Turkey afraid of Kurdish border demarcation – Ankara turns to Moscow for help

Turkey afraid of Kurdish border demarcation – Ankara turns to Moscow for help

What worries the Turkish government is not only Washington’s support to the Kurds, but the possible creation of an administrative Kurdish region within Syria, about which Ankara and Damascus have serious objections.

Ankara asks for Moscow’s support

A few hours after Bozdag’s statements, there came the announcement of the surprise visit, to Moscow, of Hulusi Akar, leader of the Turkish Armed Forces and of the head of Turkish MIT secret service, Hakan Fidan. This visit and its announcement are believed to be a clear message from Turkey to Washington that anything that concerns Syria will be discussed with Moscow, since the U.S. support the Kurds.

Photo (Library): AP

Syrian borders began dividing Turkey and the U.S.

The crisis that has emerged has great potential to alienate Turkey from the U.S. Let’s say it clearly. The source of the crisis stems from the choice of the U.S. government. Between the ally Turkey and the Kurdish movement that is a branch of the terrorist PKK, the U.S. chose the Kurds. At the point which we have reached, we can say that the border between Syria and Turkey is actually beginning to divide the U.S. with Turkey, says Hurriyet’s political analyst Sedat Ergin. 

U.S. Secretary of State, Rex Tillerson says the States will continue their co-operation with Turkey in the fight against terrorism. “We understand Ankara’s concerns about the PKK”. He, however, avoided talking about U.S. support to the Kurds and did not refer to any change of plans that Turkey insists on demanding.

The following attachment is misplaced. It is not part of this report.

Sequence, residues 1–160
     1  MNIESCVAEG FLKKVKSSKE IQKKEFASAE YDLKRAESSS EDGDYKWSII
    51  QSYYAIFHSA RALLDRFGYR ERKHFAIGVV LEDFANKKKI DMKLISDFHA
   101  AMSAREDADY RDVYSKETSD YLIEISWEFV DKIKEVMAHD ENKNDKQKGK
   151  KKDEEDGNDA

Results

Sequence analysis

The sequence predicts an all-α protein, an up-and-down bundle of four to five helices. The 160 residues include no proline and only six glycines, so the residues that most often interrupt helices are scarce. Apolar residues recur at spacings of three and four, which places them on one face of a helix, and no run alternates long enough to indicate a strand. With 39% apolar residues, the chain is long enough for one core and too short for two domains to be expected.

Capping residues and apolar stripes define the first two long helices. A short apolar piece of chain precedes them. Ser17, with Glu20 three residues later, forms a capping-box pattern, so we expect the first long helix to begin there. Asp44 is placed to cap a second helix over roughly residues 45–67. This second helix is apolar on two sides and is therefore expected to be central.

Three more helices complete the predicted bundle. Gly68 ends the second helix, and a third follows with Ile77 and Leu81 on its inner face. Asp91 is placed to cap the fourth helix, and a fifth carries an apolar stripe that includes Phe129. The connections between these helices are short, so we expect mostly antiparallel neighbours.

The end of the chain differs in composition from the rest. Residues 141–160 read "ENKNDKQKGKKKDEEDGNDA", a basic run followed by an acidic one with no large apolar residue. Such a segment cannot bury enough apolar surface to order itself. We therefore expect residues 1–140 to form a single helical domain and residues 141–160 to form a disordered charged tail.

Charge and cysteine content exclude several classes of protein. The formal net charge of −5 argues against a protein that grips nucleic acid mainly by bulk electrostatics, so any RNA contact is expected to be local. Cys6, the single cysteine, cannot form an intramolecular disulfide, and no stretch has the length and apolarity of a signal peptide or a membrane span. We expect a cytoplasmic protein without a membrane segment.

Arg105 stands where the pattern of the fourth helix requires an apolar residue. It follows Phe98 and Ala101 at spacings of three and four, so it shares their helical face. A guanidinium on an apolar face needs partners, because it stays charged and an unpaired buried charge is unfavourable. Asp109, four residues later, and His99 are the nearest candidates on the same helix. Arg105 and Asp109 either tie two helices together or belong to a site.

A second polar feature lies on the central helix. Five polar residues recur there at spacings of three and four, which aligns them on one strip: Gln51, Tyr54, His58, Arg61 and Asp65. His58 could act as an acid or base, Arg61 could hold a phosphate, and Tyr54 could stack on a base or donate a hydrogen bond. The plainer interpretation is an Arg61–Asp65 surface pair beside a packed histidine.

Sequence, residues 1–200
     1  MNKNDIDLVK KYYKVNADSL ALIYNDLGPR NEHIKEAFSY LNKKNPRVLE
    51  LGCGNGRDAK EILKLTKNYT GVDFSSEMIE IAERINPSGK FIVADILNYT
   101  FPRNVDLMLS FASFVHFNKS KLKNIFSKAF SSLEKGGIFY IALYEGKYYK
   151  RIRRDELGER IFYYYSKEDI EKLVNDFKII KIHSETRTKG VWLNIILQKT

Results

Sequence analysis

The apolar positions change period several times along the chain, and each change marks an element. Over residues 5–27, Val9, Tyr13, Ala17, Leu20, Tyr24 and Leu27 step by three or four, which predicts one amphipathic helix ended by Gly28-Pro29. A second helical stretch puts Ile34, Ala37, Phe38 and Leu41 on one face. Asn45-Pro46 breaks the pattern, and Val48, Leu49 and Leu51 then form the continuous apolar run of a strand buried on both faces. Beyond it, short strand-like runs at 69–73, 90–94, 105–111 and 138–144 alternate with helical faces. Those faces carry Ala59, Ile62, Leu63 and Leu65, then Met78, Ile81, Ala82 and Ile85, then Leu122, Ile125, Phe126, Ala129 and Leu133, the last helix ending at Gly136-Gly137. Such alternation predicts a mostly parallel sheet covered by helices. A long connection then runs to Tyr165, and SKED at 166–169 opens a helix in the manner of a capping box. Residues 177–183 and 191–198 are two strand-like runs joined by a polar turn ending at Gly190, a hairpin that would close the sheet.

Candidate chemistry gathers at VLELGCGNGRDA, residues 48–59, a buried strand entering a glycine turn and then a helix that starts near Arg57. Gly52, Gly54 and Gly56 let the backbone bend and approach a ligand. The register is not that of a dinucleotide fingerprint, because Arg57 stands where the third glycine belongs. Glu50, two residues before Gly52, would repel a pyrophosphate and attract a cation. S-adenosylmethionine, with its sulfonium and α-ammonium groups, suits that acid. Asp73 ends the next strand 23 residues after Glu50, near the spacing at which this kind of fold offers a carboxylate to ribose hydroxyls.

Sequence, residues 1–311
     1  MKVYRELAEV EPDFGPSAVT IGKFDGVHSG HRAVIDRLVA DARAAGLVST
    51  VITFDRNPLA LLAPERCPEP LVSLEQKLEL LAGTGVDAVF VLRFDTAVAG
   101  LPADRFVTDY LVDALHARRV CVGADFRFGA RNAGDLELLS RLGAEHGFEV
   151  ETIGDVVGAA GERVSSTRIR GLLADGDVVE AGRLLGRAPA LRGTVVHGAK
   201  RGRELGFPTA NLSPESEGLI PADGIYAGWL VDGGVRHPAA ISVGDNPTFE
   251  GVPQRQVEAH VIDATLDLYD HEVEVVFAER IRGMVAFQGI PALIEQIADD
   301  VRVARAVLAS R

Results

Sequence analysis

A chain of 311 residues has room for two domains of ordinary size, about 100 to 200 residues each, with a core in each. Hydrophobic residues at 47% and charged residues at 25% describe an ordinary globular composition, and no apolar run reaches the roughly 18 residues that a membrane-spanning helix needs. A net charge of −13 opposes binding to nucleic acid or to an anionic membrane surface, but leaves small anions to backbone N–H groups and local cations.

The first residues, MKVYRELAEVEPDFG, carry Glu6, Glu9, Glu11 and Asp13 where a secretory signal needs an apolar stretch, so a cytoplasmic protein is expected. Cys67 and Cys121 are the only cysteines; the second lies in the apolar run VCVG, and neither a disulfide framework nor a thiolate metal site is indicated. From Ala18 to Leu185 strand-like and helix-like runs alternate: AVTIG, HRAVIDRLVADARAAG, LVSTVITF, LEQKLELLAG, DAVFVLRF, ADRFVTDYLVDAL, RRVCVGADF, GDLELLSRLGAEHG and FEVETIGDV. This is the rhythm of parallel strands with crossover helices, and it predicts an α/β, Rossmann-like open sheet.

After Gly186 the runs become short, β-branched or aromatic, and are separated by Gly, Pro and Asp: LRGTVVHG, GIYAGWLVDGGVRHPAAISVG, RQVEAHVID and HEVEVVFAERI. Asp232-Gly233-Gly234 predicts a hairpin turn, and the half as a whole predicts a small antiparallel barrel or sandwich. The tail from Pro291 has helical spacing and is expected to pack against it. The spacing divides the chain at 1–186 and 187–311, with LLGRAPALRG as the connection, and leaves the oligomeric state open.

The U.S. – Turkey open fronts

A key factor of mistrust and trouble in American-Turkish relations has been the attempted coup of July 15, 2016, behind which, according to the Turkish government, is Imam Fethullah Gulen, who has been living in Pennsylvania, since 1999. Ankara is requesting its extradition to Turkey, but, so far the, U.S. authorities have not made any move towards this direction.

The problems increased when the Turkish authorities arrested Metin Topuz, a Turkish citizen who was working at the U.S. consulate in Istanbul. He was accused of dealing with Gullen.

After tensions and statements both countries suspended issuing visas for their citizens who wanted to travel to the U.S. and Turkey.

Another issue that concerns the two countries a lot, is the capture by the U.S., of Turkish-Iranian entrepreneur Reza Zarrab. He had close ties with Erdogan ministers. Later, American authorities arrested in the United States Halbank-state bank manager Hakan Atilla, who was convicted of a violation of the embargo against Iran, with the result that Turkey may face U.S. sanction. Zarrab gave them most of the information on how to breach the embargo.

In 2003, too, the two countries’ relations had reached rock bottom. On March 1st of that year, the Turkish Parliament did not allow the U.S. to use Turkish territory to open a front against Saddam Hussein in the Second Iraqi War.

Three days later, American commandos invaded Iraq’s Suleymaniya and captured 11 Turkish commandos after first covering their heads (of the Turks) with sacks.

Turkish reports of the time, spoke of the greatest humiliation of the Turkish Armed Forces since the founding of the Republic of Turkey.   

Since then, relations have gone through several phases; today they are once again strained, testing diplomatic limits…/IBNA

Main Photo: Getty images